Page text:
It is true that students from AEP schools, junior colleges and SOTA all produce excellent results in their examinations and graduating exhibitions. But when it comes to choosing which discipline to pursue at university, an overwhelming majority of these gifted individuals seem to have set their sights on professional careers in fields more lucrative than the arts. In response to the question of how Singapore has performed as an arts hub, prominent art historian TK Sabapathy has commented that, at present, Singapore operates mainly as a place for the transshipment of art products, and fails to operate as an active and sustainable center for the creation of these products. He reasons that the circumstances in which artistic production takes place in Singapore still have not been sufficiently cultivated. In particular he suggests that the role of the artist, or the “individual,” is still underappreciated: “I’m not so sure that the term individual is sufficiently respected or respectful here; it is still a cautionary term.” In other words, Singapore society remains tightly regulated and the space for the individual to think within is still carefully monitored, or to again quote Mr. Sabapathy, “is still not sufficiently freed up.”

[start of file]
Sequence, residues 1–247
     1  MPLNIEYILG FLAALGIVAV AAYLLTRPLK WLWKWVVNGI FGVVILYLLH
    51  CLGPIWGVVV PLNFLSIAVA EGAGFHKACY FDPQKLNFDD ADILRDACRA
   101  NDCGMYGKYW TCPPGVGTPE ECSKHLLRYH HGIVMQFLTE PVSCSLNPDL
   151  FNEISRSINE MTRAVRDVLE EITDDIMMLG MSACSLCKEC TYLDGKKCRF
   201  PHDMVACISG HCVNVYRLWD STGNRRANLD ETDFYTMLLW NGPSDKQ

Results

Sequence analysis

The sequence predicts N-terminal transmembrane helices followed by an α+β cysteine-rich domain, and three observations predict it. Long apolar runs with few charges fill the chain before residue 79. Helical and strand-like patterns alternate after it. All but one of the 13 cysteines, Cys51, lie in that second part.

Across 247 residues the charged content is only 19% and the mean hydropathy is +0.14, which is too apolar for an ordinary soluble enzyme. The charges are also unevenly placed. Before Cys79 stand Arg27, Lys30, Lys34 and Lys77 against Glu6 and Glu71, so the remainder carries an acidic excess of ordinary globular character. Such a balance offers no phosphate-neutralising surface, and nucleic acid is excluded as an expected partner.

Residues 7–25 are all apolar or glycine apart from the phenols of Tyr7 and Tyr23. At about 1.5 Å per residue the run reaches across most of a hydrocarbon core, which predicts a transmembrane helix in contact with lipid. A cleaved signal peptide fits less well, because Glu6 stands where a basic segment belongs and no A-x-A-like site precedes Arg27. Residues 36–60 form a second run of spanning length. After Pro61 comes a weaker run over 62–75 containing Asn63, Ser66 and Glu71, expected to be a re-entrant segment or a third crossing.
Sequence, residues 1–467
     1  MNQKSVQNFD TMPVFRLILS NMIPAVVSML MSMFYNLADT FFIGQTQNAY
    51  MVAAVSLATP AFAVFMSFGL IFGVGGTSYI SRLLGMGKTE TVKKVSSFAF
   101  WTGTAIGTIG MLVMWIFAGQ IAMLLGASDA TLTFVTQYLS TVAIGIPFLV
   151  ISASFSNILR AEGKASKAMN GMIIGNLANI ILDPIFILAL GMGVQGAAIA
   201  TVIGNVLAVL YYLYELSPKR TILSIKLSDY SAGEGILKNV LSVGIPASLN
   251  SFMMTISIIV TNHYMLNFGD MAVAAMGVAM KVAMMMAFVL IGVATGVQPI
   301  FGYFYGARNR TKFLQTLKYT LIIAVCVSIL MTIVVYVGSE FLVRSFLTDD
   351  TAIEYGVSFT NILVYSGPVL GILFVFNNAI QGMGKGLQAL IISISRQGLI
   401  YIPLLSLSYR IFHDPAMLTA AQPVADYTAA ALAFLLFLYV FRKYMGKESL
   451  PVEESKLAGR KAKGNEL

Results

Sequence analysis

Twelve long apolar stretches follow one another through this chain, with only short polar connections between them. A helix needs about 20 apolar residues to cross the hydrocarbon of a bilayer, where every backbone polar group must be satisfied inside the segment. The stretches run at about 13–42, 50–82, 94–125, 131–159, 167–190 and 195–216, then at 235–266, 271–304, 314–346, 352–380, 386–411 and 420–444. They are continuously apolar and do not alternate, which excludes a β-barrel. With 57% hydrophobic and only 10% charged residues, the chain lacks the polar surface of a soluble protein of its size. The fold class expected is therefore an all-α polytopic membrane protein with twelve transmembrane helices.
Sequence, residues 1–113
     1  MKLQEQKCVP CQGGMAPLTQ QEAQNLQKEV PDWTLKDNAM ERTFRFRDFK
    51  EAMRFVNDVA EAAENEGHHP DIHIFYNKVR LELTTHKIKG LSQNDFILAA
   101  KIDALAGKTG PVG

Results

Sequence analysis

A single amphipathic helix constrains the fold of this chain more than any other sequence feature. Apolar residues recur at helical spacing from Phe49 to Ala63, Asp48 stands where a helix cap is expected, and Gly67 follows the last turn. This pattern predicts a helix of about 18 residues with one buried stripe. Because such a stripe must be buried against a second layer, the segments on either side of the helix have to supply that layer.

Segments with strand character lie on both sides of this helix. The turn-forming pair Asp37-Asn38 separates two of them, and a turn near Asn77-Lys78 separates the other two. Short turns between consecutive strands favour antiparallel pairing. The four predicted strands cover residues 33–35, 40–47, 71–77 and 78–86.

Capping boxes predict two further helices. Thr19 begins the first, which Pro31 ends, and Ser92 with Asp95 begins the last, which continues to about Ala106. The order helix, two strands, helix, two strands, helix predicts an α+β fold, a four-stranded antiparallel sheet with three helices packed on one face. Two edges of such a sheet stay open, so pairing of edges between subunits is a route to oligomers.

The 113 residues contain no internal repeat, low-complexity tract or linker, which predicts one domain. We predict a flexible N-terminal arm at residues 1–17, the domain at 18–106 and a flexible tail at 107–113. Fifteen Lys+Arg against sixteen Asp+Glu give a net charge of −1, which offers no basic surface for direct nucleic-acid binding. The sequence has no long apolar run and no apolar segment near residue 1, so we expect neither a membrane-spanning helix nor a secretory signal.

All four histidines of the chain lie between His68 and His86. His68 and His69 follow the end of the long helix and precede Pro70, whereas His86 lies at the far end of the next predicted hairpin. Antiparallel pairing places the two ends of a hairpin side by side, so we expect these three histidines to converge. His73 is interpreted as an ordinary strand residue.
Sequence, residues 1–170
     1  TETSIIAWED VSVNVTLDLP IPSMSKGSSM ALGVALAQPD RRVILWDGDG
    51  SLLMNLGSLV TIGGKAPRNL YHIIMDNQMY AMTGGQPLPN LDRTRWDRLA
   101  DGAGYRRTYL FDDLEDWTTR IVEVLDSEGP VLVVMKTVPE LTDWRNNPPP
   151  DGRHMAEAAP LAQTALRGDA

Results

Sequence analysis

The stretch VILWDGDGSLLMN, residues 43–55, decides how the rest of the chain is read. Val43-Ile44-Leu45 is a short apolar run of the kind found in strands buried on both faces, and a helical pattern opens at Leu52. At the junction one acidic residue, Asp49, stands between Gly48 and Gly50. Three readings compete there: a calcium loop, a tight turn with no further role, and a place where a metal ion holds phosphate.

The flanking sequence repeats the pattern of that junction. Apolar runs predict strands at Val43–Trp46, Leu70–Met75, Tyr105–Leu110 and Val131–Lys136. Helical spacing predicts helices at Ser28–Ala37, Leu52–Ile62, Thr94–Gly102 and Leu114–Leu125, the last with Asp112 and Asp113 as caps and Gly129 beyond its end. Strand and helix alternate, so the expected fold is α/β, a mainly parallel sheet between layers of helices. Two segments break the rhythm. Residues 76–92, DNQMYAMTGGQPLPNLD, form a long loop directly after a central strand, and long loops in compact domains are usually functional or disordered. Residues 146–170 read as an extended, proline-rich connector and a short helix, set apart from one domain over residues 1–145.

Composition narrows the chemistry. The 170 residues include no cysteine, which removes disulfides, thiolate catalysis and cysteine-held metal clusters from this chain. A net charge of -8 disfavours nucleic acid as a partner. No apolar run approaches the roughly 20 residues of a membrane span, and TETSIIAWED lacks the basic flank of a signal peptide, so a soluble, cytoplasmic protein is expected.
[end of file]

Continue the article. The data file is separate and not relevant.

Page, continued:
Having lived and worked overseas for more than 30 years, I take it almost as a given that an artist requires freedom in order to engage in radical research and experimentation, especially when finding new ways of challenging established modes of visual arts practice. Since returning to Singapore in 2003, I have seen the cultural, social and political pressures that are exerted by the government to ensure that individuals conform to conservative and safe norms. Hence the artist is required to exercise extreme caution, which eventually stifles the will to think critically and creatively. 

As a teenager during the 1950s, I certainly would not have been considered “gifted” enough to gain admission to either the AEP schools or SOTA, had these initiatives existed. However, I was in some ways fortunate to grow up in Singapore at a time when society was more forgiving and concerned about community well-being. The individual had to develop a fighting spirit in order to pursue dreams and ambitions, and it was still possible to make mistakes. Most importantly, it was a time when one could still be a dreamer and an idealist. 

However, in Singapore’s current sociopolitical landscape, the “gifted” are choosing to “blossom” in professions that ensure material comfort. And even those prepared to embark on the challenges of becoming a contemporary artist may still find it more conducive to grow their career in a place where the return on investment is measured not just by dollars and cents. Perhaps, in addition to Dr. Ellis’s question “Will the gifted blossom?” we should also be asking two further questions: Are current educational approaches really designed to nurture those destined to be our future arts practitioners? If so, how can we encourage these individuals to blossom in Singapore rather than elsewhere?